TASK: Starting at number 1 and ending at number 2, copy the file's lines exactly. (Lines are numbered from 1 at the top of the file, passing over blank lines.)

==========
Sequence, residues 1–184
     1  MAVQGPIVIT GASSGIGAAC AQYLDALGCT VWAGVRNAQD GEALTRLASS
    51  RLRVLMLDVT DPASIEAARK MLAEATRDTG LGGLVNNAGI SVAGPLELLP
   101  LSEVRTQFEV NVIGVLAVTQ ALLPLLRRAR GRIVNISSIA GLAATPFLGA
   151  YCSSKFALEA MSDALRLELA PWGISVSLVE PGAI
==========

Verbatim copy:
Sequence, residues 1–184
     1  MAVQGPIVIT GASSGIGAAC AQYLDALGCT VWAGVRNAQD GEALTRLASS